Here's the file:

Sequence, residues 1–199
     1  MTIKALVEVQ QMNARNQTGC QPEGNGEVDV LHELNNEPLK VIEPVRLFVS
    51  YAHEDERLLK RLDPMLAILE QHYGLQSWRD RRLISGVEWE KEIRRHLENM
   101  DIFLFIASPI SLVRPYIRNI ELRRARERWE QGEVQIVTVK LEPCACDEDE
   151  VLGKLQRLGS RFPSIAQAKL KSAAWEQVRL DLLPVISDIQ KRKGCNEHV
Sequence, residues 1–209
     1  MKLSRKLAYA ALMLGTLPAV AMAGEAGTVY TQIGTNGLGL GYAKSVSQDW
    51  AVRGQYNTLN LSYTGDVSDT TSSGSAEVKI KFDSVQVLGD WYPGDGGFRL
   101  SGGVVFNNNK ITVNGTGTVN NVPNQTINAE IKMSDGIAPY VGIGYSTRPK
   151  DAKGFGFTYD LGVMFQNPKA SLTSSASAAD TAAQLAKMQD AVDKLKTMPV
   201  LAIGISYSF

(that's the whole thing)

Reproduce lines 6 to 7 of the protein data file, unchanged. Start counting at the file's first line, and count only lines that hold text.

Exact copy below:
Sequence, residues 1–209
     1  MKLSRKLAYA ALMLGTLPAV AMAGEAGTVY TQIGTNGLGL GYAKSVSQDW